Devon House - the former residence of George Stiebelin, Kingston

Things to do in  Kingston

Feel the rhythm of Jamaica’s capital

Jamaica’s capital city is often passed over in favor of beachier destinations in the northern part of the island. But for fans of reggae music and anyone wanting to get their finger on the pulse of Jamaican culture, a visit to Kingston is a must. You can learn about the evolution of reggae music in Trench Town and at the Bob Marley Museum, immerse yourself in art at the National Gallery, and sample tasty jerk cuisine before nipping off on an excursion to the lush Blue Mountains.

Top 11 attractions in Kingston

Bob Marley Museum

Housed in the former home and recording studio of reggae king Bob Marley, this museum is among the most popular attractions in all of Jamaica. Here you can see Marley’s gold and platinum records, articles of his clothing, and his favorite guitar still resting beside his bed, as well as reminders of a 1976 attempt on his life.More

Devon House

In the capital of Kingston, the 19th-century Devon House mansion is not only unique on the island, but also throughout the Caribbean, as it was the home of George Stiebel, Jamaica’s first black millionaire, offering a rare glimpse of West Indian high society. When you visit the Georgian-style home, you can explore rooms furnished with 19th-century Jamaican and Caribbean antiques, along with original features like the English chandelier bought by Stiebel that still hangs in the ballroom. Today, the house sits on 11 acres of gardens within the city, and the surrounding buildings, including the stables and the kitchen, have been repurposed into shops, art boutiques and cafés. Don’t forget to stop in the courtyard, where you can find a sweet treat at the original location of the now-popular island chain Devon House I Scream.More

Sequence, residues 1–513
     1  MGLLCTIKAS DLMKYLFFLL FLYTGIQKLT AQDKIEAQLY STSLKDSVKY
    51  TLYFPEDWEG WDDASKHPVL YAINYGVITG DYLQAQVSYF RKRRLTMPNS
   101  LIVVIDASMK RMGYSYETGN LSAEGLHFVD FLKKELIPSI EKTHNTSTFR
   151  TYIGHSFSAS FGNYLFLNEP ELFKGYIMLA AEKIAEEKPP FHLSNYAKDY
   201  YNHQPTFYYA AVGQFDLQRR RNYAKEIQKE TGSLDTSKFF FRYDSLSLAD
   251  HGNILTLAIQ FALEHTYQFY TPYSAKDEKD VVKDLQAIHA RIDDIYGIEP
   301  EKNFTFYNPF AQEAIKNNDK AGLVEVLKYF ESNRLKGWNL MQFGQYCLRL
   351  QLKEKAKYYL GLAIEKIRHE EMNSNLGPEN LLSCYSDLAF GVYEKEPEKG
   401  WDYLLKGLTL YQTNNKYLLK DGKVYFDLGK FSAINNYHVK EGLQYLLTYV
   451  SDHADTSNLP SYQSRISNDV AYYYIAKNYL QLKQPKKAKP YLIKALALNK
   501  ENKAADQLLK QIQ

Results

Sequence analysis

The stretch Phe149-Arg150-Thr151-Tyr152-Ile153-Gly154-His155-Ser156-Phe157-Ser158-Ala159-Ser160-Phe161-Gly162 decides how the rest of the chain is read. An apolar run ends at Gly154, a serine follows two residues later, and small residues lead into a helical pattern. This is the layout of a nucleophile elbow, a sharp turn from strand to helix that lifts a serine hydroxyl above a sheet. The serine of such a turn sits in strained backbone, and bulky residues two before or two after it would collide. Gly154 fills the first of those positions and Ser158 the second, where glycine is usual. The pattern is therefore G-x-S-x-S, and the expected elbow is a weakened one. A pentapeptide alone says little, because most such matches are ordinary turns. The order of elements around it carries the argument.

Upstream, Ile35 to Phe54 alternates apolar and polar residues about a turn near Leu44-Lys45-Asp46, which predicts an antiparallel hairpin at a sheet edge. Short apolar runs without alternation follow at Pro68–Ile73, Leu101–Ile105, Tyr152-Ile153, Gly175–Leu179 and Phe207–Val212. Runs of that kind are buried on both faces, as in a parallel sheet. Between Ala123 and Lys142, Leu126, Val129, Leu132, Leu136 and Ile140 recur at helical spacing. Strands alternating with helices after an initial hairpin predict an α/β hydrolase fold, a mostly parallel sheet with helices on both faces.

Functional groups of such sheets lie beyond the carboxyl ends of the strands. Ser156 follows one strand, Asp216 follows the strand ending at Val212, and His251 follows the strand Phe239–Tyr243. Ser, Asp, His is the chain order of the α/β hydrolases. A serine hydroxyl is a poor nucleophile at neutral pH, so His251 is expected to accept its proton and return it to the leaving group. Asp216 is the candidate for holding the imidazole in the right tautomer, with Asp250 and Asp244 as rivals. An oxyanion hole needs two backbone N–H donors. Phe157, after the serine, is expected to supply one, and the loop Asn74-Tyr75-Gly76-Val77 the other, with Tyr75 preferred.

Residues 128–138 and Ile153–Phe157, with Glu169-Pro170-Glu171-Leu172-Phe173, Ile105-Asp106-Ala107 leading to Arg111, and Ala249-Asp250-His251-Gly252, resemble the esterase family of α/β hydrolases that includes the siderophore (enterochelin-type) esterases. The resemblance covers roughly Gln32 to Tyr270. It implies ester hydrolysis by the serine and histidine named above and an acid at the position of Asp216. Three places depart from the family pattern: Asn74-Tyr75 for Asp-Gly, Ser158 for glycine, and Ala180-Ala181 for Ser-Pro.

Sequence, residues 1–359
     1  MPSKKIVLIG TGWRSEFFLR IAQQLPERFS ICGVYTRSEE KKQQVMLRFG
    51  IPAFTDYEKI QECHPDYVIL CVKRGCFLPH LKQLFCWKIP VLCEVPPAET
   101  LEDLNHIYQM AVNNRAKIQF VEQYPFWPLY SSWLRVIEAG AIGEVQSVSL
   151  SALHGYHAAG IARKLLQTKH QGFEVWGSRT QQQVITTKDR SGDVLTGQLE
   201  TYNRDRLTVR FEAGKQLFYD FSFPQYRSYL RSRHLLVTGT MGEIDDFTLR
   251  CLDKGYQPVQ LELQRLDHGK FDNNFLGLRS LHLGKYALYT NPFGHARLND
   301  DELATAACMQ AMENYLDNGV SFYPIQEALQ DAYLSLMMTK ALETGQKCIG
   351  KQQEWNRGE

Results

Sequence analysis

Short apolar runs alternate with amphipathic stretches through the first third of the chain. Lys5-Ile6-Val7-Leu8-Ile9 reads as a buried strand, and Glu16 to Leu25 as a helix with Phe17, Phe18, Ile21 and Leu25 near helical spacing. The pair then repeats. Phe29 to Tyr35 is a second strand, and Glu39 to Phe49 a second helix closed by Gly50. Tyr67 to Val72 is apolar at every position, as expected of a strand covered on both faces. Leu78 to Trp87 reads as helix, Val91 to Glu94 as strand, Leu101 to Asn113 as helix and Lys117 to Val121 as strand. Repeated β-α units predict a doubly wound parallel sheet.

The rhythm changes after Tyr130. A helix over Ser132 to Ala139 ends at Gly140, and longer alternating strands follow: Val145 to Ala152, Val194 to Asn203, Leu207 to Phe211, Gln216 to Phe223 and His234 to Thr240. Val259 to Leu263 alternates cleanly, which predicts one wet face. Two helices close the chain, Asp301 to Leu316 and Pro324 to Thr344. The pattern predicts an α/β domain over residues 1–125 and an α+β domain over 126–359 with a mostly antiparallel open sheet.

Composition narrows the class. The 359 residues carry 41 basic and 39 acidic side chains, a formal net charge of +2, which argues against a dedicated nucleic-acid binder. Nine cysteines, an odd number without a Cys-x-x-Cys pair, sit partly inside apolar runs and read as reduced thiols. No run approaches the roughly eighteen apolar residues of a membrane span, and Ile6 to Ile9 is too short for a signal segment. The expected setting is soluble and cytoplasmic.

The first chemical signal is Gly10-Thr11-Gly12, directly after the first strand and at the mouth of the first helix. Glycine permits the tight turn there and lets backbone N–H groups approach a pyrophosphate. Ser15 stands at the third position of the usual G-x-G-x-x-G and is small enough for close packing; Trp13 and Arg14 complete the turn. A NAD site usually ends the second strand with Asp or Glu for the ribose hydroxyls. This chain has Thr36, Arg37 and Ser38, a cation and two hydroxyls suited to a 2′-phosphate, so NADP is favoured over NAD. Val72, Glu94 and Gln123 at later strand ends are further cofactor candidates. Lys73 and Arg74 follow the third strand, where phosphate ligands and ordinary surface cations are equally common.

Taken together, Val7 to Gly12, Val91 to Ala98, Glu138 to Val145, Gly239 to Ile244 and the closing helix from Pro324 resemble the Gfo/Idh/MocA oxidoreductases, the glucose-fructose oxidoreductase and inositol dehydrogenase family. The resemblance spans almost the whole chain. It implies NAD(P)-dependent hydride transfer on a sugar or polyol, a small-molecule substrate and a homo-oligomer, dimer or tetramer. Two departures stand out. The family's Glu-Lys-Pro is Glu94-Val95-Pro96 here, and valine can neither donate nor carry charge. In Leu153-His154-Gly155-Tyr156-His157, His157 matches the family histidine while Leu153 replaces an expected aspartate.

Club Kingston Airport Lounge

The Club Kingston Airport Lounge at Kingston’s Norman Manley International Airport gives passengers access to numerous lounge facilities on arrival and departure. This uniquely Jamaican first-class lounge experience allows you to escape the stress of security lines and busy gates to a place where you can relax or work undisturbed.You can book a Club Kingston Lounge and concierge service as an arrival or departure service—or both. Upon arrival, you can take advantage of fast-track access through security, customs and immigration, and enjoy the convenience of being greeted by a Club Kingston representative holding a personalized sign.If you’ve got time to kill before departing Kingston, the lounge gives you access to unlimited fresh fruit, bar snacks and drinks, plus complimentary WiFi, use of Samsung Galaxy tablets, shower facilities and duty-free shopping, all while immersed in typical Jamaican hospitality.More

Emancipation Park

Emancipation Park is a 7-acre swath of green space in the New Kingston area of the Jamaican capital. It’s a popular spot for picnicking and has a jogging path around the perimeter, fountains, and gardens featuring a mix of native and imported plants, as well as several particularly worthwhile public art installations.More

Craighton Estate

Imagine enjoying a tasting of some of the world’s most expensive coffee, while strolling through the lush, Jamaican highlands just 45 minutes from Kingston. That’s the scene at the Craighton Estate, where you’ll tour an exquisite, Georgian style home that was constructed in 1805, and hear how this coffee is sold in Japan for hundreds of dollars per bag. The coffee that’s grown in Jamaica’s Blue Mountains is arguably the best in the world, and a guided tour of the Craighton Estate allows you to not only sample some of the smooth Arabica taste, but also learn how coffee was originally planted up on these slopes.The rich taste of the coffee aside, the Craighton Estate also provides sweeping views of the valleys leading towards Kingston, as well as the magical, mist-shrouded mountains that stoically rise above town.More

Blue Mountains

The highest peak, the longest range, the best coffee—Jamaica’s Blue Mountains rightfully claim a handful of superlatives. The mountain range spans 28 miles (45 kilometers) across the rugged eastern portion of Jamaica and offers views of the island’s north and south coasts, and on a clear day, even all the way across the Caribbean Sea to Cuba.More

Trench Town

The Trench Town neighborhood of Kingston—and, more specifically, the Trench Town Culture Yard—is most famous as the home of reggae legend Bob Marley, who spent much of his youth living and creating music here. The neighborhood is also considered the birthplace of reggae itself, with many other artists originating here, too.More